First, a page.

• Puffins by Alan Tilmouth
  • Whitethroat by Alan Jack
  • Black Grouse by Chris Barlow

Meetings & Trips

Indoor Meetings

The club holds monthly indoor meetings between September and April that feature guest speakers on a wide-range of bird-related subjects.  Our meeting venue is Northern Rugby Club, McCracken Park, Great North Road, Newcastle, NE3 2DT. All meetings commence at 7.00pm and generally finish between 9.00pm-9.30pm, though a bar is available for post-meeting socialising.

Here are details of the presentations at the Indoor Meetings this Season, others to be arranged.

13th September
Dr Colin Bradshaw Northern Flights
With a liking for the landscape and birds of cold places, Colin talks about his travels in sub-Arctic zones of Europe.
11th October
AGM, followed by a talk by Graham Sorrie on Swifts. As most birders know swifts are having a hard time of it. Graham will tell us of his work at Morpeth to help them out.
8th November 2018 Rick Taylor, Community Outreach Officer, Scottish Borders.
An update from the South of Scotland Golden Eagle project, on the first translocations and releases this year, and following the progress of the three young eagles through their first winter.
13th December 2018   Dr Chris Redfern – “Terns and other Seabirds”.  Chris will tell us about his work with Arctic Terns on the Farne Islands, and the exciting news of their movements.
10th January 2019 Tom Cadwallender “The Birds of Sri Lanka”. Tom is going to tell us about a recent trip he made to this large Island.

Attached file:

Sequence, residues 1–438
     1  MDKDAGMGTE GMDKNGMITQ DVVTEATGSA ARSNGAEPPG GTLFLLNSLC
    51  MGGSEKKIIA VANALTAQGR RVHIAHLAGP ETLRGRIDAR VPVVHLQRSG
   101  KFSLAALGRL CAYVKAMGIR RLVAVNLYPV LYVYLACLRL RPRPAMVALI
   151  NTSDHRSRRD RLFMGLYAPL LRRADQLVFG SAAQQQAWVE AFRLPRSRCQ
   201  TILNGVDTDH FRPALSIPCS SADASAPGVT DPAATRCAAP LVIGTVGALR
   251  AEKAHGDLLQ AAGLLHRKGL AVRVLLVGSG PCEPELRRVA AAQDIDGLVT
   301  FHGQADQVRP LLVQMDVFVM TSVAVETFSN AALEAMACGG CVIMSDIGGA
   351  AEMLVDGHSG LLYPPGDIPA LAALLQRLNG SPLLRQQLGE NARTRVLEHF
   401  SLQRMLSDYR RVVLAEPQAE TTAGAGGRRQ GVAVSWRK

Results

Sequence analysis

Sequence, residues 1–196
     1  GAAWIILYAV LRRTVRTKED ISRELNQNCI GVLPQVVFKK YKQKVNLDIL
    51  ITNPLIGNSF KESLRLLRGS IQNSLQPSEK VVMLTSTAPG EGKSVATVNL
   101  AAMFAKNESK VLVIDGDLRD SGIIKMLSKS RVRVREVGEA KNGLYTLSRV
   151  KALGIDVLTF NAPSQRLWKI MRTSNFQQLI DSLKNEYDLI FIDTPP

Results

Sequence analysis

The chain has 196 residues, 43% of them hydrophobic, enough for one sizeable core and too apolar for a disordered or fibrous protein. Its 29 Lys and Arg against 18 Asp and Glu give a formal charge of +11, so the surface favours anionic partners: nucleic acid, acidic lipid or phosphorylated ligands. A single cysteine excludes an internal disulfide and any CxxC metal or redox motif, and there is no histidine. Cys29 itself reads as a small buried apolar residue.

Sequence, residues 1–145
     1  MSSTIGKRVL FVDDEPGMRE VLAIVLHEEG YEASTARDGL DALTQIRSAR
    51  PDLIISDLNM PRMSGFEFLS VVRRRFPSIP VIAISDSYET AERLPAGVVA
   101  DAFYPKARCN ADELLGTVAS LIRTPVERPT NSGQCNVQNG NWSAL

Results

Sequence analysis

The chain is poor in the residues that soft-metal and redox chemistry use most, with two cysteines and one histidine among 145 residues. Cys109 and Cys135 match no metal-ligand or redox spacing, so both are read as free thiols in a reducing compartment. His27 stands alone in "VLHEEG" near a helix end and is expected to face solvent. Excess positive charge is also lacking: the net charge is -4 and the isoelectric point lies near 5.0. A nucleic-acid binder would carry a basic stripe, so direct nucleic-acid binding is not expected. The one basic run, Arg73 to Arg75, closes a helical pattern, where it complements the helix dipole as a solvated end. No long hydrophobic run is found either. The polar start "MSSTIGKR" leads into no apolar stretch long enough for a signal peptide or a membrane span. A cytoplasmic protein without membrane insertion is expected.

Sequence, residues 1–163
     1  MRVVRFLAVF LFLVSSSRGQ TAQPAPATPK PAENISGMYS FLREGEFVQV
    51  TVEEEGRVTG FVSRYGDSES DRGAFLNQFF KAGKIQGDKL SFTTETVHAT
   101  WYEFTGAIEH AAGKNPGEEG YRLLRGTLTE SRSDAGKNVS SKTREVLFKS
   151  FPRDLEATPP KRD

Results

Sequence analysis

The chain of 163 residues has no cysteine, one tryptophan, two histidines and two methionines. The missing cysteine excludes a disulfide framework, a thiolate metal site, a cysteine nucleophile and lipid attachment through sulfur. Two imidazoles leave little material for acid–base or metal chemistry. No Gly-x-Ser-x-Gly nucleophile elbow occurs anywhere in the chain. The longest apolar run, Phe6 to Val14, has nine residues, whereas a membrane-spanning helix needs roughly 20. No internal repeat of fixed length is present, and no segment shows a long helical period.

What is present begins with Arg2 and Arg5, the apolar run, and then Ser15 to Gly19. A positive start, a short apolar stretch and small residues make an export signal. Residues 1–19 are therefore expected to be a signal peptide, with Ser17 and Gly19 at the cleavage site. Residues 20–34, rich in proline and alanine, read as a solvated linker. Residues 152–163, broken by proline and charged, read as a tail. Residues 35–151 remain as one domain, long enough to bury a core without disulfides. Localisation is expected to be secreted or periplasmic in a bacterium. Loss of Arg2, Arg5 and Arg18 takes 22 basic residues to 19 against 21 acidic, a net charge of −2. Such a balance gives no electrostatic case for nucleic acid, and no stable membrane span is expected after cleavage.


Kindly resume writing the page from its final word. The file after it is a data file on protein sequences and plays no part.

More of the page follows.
14th February 2019. Professor Martin Collinson, Aberdeen University CSI BIRDING
DNA technology has advanced to the stage where migrant birds can easily be identified genetically using tiny samples of feathers. The talk will describe the advances and some of the key results from DNA –based identification in recent years. Do forensic techniques spoil birding as a popular hobby or enhance it?

14th March 2019.  Ian Fisher – “Australia – Birding the Edge of the Desert”.  Ian will talk about an exciting trip made at Easter 2018, part birding, part ringing expedition to Bowra “on the edge of the desert” in Queensland, then over into Northern New South Wales.

11th April 2019. Stuart Brooker – “The Dawn Chorus and Bird Song”.   Stuart is a PhD student in the Department of Biosciences at Durham University. In northern temperate zones, seasonal patterns in birdsong are closely tied to breeding cycles in birds, but we still do not fully understand daily patterns in song and why birds sing most intensely at dawn. Stuart will present his work investigating the dawn chorus across Great Britain, and how peaks and timings of the chorus vary with regional variation in climate and day length across the country. He will discuss his findings in terms of what is currently known of the chorus, and ask how the chorus, as we know it, might change under a warming climate.

Field Trips

The club arranges regular field trips mainly to local destinations. Most are generally one-day or half-day outings within and just outside of the club’s area  with transport by private car. All field trips offer the opportunity to meet other members and can be particularly beneficial to newcomers and younger members.

Sunday 28th April 2019
Langholm Harriers

Contact: Steve Anderson Email: seaswan@btinternet.com

Sunday 26th May 2019
Geltsdale RSPB Reserve

Contact: Steve Anderson Email: seaswan@btinternet.com

Saturday 22nd June 2019
Winnows Hill (Nightjars)